Aina Mo Soil Amendment Project: Organic compound from biodiesel glycerin co-product to control apple snail (P. canaliculata) on wetland taro

Award Information
Agency: Department of Agriculture
Branch: N/A
Contract: 2011-02361
Agency Tracking Number: 2011-02361
Amount: $460,000.00
Phase: Phase II
Program: SBIR
Awards Year: 2011
Solicitation Year: 2011
Solicitation Topic Code: 8.12
Solicitation Number: USDA-NIFA-SBIR-00339
Small Business Information
40 HOBRON AVE, Kahului, HI, 96732-2106
DUNS: 048138569
HUBZone Owned: N
Woman Owned: N
Socially and Economically Disadvantaged: Y
Principal Investigator
 Penny Levin
 (808) 285-3947
Business Contact
 M. O`Hara
Title: Director of Business Development
Phone: (808) 965-1981
Research Institution
Apple snail, (Pomacea canaliculata), a highly invasive pest affecting wetland crops in 18 countries including the U.S., is listed as one of the 100 Worst Global Invaders. One study showed that due to its voracious appetite, present value damage from the snail could cost Philippine rice production as much as 2.3 billion dollars annually. In Hawai`i, the apple snail invasion has reduced taro harvests for the small and mid-sized farms that comprise the local taro industry by 18% to 25% annually. This project will research a unique control for apple snail on Hawai`i's wetland taro production using the unrefined glycerin co-product (UCP) from biodiesel production as a soil conditioner. The research will identify a uniform product, test the product on non-target species and conduct field trials on wetland taro to determine efficacy in controlling apple snail and impacts on soil and plant health. The end goal will be to develop a marketable product that provides environmentally safe control of apple snail on taro and enhances the efficiency and profitability of small taro farms. Locally manufacturing an agricultural amendment, Aina Mo, for use in Hawaiian taro production saves energy through import substitution. Developing value-added co-products from biodiesel refining will improve profitability for the renewable fuels industry. Sustaining and increasing wetland taro production will revitalize rural areas and preserve wetland habitat. Developing a natural organic compound that effectively controls this invasive pest will preserve water quality in streams and coastal waters and has potential applications for wetland rice production and preservation of wetlands globally.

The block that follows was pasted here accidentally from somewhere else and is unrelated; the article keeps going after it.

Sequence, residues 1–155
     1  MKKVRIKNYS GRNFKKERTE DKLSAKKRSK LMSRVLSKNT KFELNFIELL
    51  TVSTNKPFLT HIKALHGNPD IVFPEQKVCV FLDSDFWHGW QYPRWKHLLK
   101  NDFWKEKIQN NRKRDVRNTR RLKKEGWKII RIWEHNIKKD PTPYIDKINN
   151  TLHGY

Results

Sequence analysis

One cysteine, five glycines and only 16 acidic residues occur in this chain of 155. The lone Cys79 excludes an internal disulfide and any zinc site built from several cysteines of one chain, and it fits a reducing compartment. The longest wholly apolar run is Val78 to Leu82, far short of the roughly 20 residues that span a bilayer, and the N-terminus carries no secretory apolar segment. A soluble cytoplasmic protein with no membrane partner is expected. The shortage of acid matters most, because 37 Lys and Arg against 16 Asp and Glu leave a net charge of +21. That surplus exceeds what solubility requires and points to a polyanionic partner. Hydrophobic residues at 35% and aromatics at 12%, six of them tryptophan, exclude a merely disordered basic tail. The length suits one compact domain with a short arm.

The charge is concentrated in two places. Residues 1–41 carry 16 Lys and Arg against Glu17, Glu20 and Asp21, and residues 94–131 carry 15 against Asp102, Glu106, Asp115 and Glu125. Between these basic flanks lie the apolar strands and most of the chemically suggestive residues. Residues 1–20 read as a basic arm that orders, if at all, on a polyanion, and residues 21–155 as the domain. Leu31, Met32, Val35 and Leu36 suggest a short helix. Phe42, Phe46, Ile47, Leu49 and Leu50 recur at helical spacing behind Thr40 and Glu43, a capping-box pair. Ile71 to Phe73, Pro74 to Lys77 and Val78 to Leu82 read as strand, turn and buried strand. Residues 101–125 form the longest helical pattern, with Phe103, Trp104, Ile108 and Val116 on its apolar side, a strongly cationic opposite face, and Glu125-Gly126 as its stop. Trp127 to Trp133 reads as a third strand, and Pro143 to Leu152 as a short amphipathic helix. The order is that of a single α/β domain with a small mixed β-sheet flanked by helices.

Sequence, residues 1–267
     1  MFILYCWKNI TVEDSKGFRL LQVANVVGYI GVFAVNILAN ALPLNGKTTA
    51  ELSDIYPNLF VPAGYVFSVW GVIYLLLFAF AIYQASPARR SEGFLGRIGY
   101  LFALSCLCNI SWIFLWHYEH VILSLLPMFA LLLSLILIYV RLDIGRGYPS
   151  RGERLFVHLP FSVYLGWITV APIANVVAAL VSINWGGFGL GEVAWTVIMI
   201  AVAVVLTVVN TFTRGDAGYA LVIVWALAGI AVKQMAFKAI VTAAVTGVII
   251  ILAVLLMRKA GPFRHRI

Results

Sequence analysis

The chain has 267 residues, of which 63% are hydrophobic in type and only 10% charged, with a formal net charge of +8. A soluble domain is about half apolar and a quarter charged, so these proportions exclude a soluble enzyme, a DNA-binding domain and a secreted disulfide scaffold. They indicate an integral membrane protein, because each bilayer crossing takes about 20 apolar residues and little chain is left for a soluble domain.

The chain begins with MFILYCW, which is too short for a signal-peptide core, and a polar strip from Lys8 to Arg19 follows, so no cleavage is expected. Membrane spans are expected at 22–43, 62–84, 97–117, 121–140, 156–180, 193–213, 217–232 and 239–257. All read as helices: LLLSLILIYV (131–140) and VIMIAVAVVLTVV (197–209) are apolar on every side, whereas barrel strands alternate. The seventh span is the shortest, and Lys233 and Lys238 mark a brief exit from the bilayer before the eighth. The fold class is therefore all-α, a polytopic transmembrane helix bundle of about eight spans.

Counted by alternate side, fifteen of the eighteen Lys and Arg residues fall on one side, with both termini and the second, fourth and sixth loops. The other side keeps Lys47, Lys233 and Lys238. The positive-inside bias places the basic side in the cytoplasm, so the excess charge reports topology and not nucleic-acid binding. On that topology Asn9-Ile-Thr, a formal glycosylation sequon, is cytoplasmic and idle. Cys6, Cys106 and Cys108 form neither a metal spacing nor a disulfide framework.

* Information listed above is at the time of submission. *

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